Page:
This is not you Daddy’s Superman… Or wait. Maybe it is? DC Comic’s new limited series Superman: The Coming of the Supermen, by comics legend Neal Adams, has been one of the most hotly anticipated series of the new year. But, as we have seen in the past, a name does not necessarily equate to a masterpiece.
Superman is the most powerful and, usually, most reliable superhero on the planet. But when a boom tube appears in the middle of downtown Metropolis he is nowhere to be found. As a horde of parademons appear in front of a LexCorp building followed by the arrival of Kalibak, the son of space tyrant Darkseid, three questions arise: Why are they attacking LexCorp? Where is Superman? And who the heck are those guys dressed in his uniform?
“In a lengthy interview of my own, I asked Adams what he thought his best work was, and he answered “Batman: Odyssey.” I paused. After some back and forth, I admitted I never made it to the end.” –Dan Greenfield (13th Dimension)
It seems odd to be quoting a review of a completely different book, but bear with me for a second.
The idea that Adams so proudly claimed Odyssey as a “best work” is rather impressive. Odyssey, in of itself, was panned by critics. The book was all over the place and consisted of events that were questionable of a Batman storyline. Though the art was tolerable, many believed it lacked the true talent once demonstrated by the legendary artist.
And now… The Coming of the Supermen.
“The question is, can I read your mind and give you the Superman that you want? [Laughs] When I first did Batman and sort of revolutionized Batman, everybody said, “This is the way Batman ought to be!” They didn’t want him the way that he was depicted in the television show. “Neal Adams has created Batman!” No, I didn’t. It was the same old Batman that everybody forgot. His cape flows, and he goes around at night. He’s Batman. Hello! It’s just that [at the time] nobody seemed to know what Batman was anymore…
“I’m not saying DC Comics has lost their vision of Superman, but he does seem to be flying off the mark in different directions. I liked what Joe Shuster and Jerry Siegel did with Superman: Superman!”
Comic Book Resources can really get down to business and Adams has never been one to not answer, in his personal opinion, honestly. In his mind he is giving us the Superman we want and need. A story that will reconnect us to the Superman we loved before.
In so many ways, yes, he has. Adams creates a world that classic comic readers can more easily relate. A Lois Lane so locked in the news that nothing else matters. The playful banter yet obvious and malicious rivalry between Superman and Lex Luthor. The simple language and the American-Boy-Scout attitude of Clark Kent’s Superman.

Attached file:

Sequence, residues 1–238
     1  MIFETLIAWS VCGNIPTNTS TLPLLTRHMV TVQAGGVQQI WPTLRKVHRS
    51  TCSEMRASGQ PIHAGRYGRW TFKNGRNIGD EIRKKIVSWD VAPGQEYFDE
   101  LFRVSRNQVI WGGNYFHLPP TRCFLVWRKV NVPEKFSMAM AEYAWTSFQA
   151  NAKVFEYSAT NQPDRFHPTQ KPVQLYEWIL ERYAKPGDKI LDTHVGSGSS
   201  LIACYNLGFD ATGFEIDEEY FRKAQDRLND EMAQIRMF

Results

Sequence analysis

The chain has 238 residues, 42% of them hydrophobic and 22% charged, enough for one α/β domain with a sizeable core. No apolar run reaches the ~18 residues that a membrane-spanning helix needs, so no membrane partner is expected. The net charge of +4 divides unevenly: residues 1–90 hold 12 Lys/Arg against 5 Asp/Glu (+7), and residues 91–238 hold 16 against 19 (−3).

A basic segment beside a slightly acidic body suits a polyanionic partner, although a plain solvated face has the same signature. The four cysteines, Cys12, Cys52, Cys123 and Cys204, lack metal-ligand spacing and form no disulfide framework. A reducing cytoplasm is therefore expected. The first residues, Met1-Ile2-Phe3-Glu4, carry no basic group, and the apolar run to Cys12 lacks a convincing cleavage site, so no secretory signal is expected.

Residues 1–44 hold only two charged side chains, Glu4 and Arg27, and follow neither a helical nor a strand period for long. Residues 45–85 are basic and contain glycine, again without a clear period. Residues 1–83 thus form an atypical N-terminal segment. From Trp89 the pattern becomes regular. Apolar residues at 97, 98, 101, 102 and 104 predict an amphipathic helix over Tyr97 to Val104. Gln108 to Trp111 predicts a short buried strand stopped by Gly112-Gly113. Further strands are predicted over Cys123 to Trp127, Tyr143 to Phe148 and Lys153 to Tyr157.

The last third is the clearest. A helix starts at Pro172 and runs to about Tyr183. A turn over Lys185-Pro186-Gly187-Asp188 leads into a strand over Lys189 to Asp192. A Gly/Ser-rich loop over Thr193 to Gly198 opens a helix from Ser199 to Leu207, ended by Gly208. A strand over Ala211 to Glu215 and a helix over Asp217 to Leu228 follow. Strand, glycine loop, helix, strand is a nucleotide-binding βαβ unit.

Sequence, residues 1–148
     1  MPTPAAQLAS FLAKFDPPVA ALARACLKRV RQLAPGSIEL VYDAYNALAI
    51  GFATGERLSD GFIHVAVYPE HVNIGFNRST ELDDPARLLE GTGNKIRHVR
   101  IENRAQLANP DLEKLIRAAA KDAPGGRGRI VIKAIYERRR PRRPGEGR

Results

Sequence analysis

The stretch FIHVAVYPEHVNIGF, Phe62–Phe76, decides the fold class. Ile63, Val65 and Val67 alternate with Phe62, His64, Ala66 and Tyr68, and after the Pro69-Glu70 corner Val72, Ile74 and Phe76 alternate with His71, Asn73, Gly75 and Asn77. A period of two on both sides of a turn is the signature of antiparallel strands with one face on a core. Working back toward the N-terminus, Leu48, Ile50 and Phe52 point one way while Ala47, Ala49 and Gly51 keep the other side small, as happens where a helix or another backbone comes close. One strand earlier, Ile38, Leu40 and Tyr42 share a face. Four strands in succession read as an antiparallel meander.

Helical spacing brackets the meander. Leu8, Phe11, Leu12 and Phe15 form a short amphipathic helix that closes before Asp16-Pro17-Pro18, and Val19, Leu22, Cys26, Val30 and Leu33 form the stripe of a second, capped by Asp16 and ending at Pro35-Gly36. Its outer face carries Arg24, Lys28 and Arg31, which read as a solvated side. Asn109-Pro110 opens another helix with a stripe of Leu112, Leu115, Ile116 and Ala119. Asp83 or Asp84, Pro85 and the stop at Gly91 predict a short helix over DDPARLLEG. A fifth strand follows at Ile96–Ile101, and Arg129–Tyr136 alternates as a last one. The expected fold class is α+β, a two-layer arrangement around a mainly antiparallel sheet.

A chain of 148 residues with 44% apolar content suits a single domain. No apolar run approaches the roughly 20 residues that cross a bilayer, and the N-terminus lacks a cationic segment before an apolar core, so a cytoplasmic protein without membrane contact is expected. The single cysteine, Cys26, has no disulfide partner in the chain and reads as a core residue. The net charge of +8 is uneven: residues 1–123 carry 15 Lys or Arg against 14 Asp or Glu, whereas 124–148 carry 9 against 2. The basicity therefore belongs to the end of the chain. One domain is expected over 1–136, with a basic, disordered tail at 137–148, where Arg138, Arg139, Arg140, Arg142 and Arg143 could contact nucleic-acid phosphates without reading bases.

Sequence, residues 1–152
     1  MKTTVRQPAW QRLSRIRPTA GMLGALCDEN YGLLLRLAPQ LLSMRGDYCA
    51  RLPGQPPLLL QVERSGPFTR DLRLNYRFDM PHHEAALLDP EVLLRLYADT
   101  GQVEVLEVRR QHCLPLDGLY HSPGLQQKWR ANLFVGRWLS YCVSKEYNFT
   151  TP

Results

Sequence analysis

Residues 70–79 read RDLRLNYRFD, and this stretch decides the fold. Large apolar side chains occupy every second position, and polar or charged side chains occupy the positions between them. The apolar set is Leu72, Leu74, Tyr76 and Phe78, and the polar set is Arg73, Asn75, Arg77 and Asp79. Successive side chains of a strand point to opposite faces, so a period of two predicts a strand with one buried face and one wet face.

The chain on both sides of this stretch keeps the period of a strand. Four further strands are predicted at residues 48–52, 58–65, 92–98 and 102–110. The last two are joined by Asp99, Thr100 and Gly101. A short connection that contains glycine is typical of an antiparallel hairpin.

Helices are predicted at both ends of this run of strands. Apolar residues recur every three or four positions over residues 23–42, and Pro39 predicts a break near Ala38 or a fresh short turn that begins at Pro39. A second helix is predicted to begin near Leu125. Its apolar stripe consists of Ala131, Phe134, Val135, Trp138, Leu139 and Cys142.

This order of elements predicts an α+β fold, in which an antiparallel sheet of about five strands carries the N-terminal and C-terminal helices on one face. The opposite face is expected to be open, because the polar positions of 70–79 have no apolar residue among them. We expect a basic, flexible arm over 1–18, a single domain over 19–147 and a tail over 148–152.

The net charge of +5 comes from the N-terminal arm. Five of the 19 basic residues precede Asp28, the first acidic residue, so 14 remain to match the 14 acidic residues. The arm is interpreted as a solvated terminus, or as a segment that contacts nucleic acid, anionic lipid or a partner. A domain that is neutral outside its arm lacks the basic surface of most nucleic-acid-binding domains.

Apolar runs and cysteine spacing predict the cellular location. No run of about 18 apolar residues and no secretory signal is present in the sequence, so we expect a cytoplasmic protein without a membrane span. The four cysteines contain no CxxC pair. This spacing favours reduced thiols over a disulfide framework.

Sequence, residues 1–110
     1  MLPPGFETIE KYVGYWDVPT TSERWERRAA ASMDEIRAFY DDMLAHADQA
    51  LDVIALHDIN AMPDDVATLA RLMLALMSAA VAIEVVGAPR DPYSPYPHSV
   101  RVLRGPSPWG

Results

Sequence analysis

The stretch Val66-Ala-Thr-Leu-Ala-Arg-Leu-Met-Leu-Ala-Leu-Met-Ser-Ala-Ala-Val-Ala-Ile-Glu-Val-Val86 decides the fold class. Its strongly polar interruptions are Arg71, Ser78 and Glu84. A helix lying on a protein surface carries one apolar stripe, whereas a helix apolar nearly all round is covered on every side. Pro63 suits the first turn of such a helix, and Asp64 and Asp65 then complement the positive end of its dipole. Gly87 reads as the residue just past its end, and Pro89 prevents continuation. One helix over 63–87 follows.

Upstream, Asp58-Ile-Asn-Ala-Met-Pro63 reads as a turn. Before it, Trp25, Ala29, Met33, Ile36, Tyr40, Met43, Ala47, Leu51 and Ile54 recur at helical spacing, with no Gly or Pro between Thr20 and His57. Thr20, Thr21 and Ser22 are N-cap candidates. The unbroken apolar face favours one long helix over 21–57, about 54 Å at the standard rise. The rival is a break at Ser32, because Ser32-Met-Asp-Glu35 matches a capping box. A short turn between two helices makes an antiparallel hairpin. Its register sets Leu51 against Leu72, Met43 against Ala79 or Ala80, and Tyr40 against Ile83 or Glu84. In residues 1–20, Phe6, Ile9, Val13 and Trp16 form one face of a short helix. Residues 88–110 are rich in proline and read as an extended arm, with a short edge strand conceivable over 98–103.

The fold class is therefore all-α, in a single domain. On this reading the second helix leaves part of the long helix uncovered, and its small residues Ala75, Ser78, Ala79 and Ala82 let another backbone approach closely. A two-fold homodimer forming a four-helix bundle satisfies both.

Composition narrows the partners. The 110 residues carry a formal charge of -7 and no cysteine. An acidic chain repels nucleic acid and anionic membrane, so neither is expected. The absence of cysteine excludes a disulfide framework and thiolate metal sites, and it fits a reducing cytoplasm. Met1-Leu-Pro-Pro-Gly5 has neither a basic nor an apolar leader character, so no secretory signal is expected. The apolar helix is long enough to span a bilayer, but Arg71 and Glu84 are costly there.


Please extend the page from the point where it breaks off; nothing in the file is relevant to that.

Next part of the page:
That story, just as it is, is something we have not seen in a while. The every-man Superman. But is that the Superman we need following the lackluster back and forth’s of the DC Comic’s New 52 series? Not exactly. For those who have kept up with Superman yet are having difficulty with the over-powered, super-saiyan-esque, god-like Superman, Coming of the Supermen will be a call-back to a different time. More a breath of fresh air or diversion. Not a necessity. Especially once you get to the storytelling.
Like Odyssey, it jumps from plot point to plot point, creating confusion from the very beginning. Three Supermen arrive on Earth then next thing we know they are trying to assist in stopping a parademon invasion. All while Superman is saving lives in the Middle East. Then, out of the blue, an alien appears and tells him he must temporarily take a child into his personal custody before returning to save the day in Metropolis. Who is this alien? And why is he playing the shy-knight who has “said too much”? And it only gets worse.
Issue #1’s are meant to create questions, build drama and indulge in curiosities. Adams, at least, got the first part correct. There are so many questions. But the problem arises that a six-part miniseries may not be able to clear up the pea-soup-thick-fog.
To divert away from the writing and looking more closely at the art. The cover is phenomenal. Reminding us of the true talent behind the ego that defines Neal Adams. The interiors, for the most part, match up. Classically epic battle scenes. Larger than life characters that explode off the page. If anything, Neal Adams’s images can be just as powerful now as they have ever been. And, though barely mentioned in any solicit, Alex Sinclair’s colors help build the classic drama that Adams is so hoping to recreate.
But the artwork greatly over shadows the story. In many books art can help built stronger interest in a moderately written book. But the action-packed, brightly colored sequences seems to only detract from the plot. If that is even possible. Your eyes lock at one brightly colored point and then dart to the next while the words just seem to fade into the background.
Even with the strange plot jumping, Coming of the Supermen was already on the “collector’s required reading list”. Neal Adams creates beautiful visuals that, do not necessarily support a better written book, are wonderful to read through. Hopefully, when the second issues arrives, set for an in-store release of March 16th, there will be a more defined storyline.
Make sure to stop by your local comics retailer and pick up Superman: The Coming of the Supermen #1 (of 6) today.